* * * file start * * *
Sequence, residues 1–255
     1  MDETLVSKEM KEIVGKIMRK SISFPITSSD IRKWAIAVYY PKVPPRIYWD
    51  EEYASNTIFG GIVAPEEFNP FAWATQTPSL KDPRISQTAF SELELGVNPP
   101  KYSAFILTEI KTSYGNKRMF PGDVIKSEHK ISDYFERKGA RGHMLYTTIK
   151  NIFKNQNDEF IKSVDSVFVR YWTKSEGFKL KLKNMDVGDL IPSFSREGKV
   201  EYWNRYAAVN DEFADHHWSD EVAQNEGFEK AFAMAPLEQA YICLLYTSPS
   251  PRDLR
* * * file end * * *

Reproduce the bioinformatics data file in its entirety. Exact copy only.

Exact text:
Sequence, residues 1–255
     1  MDETLVSKEM KEIVGKIMRK SISFPITSSD IRKWAIAVYY PKVPPRIYWD
    51  EEYASNTIFG GIVAPEEFNP FAWATQTPSL KDPRISQTAF SELELGVNPP
   101  KYSAFILTEI KTSYGNKRMF PGDVIKSEHK ISDYFERKGA RGHMLYTTIK
   151  NIFKNQNDEF IKSVDSVFVR YWTKSEGFKL KLKNMDVGDL IPSFSREGKV
   201  EYWNRYAAVN DEFADHHWSD EVAQNEGFEK AFAMAPLEQA YICLLYTSPS
   251  PRDLR